News & Announcements
March 18, 2021
When MU Health first started vaccinating health care workers, Jenny Keely, associate clinical professor in respiratory therapy, was among the first to receive the COVID-19 vaccine. Keely, a licensed respiratory therapist, has worked several Saturday shifts at University Hospital on a non-Covid unit in order to alleviate some staffing shortages the hospital has experienced due to COVID-19.
We talked to Keely, BHS ’01, M Ed ’12, about her experience working at the hospital and her decision to get the vaccine:
Q: What went into your decision to get the COVID-19 vaccine?
A: Ultimately, it came down to weighing any hesitation I had against trusting the competence of the people who developed the vaccine. I chose to trust the scientific evidence we have so far that says it’s safe. The possibility of the vaccine bringing about the end of this pandemic is worth the minimal risk to me.
Q: Did you experience any side-effects after getting it?
A: My experience with side effects was on par with what I’ve heard others experienced. My arm was sore for less than 24 hours. I felt some chills and fatigue on the same day. The next day, I experienced very transient things, like nausea, muscle aches, and fatigue. When I say transient, I mean they lasted just a few hours and were gone. There was nothing that incapacitated me. I got a lot done that weekend!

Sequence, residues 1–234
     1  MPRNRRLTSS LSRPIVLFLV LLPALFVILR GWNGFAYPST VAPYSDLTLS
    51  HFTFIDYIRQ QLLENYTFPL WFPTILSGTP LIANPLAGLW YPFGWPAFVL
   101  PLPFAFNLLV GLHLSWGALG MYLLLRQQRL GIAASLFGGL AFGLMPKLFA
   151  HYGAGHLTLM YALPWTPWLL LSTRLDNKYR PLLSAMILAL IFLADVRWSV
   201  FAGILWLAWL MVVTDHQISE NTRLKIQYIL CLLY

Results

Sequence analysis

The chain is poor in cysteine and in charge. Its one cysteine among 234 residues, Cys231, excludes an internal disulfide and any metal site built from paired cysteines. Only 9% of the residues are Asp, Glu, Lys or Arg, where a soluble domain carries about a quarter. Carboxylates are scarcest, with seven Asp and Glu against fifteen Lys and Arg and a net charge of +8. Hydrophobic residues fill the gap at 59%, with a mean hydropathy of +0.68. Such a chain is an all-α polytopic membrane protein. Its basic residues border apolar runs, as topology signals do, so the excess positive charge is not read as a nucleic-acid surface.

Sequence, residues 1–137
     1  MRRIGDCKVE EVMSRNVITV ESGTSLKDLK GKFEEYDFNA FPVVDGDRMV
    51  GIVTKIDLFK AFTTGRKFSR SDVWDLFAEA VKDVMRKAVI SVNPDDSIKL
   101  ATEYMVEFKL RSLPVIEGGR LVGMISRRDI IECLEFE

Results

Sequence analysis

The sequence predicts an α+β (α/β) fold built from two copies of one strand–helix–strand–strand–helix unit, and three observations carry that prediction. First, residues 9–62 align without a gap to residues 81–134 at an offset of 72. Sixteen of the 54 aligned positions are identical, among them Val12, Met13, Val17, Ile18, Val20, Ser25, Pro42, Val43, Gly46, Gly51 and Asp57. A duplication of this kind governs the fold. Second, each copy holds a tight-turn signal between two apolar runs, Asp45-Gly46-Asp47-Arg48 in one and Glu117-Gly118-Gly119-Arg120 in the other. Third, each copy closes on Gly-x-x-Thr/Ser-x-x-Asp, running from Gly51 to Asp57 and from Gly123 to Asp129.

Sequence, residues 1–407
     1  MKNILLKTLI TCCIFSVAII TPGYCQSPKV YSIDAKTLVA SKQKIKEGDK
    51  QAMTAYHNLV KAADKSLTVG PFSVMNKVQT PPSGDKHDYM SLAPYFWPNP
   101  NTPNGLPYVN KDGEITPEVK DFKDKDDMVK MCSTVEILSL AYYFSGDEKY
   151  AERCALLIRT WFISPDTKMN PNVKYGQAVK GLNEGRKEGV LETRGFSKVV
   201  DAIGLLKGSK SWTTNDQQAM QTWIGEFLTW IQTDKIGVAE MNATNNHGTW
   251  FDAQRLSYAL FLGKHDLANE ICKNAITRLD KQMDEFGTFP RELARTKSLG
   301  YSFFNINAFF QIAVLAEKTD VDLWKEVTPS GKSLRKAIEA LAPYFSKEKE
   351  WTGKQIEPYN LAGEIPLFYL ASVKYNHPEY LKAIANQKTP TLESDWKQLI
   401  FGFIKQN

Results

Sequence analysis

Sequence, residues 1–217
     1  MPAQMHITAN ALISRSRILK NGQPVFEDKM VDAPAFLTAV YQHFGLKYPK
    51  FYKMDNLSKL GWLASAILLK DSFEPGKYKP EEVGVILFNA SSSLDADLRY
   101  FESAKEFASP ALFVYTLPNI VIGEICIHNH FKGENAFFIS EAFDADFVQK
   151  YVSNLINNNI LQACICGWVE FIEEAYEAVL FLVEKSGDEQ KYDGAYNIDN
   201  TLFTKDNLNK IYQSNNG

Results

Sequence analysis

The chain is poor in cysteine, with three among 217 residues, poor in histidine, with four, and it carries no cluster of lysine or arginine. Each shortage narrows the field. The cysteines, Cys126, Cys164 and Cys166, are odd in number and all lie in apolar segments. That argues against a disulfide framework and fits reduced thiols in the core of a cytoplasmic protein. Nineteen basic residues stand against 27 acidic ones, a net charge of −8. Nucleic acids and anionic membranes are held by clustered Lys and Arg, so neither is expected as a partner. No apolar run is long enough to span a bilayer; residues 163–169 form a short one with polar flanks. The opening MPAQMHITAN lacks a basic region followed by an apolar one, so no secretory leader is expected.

Q: How has it felt to be able to help out at the hospital during such a difficult time?
A: I have loved being back in the hospital. It is a busyness that is very different from academia. I’m there often with students throughout the school year, but it has been great just functioning as a staff therapist again. I have missed it. Though I know it’s a good sign that the hospital hasn’t needed me as much lately, I’m a little sad that my time staffing seems to be winding down again.
Q: What do you wish others knew about the Respiratory Therapy profession?
A: Respiratory therapists’ educational background is very similar to that of nurses, but with a specialty in the cardiopulmonary system. I remember telling a nurse about a physics class I took in college and she was shocked that RTs study physics. Gas flow, which is our gig, is nothing but physics! Our job responsibilities and autonomy vary widely from hospital to hospital. Increasingly, RTs are given more autonomy to function as the critically thinking clinicians we are trained to be, rather than just someone who gives nebulizer treatments.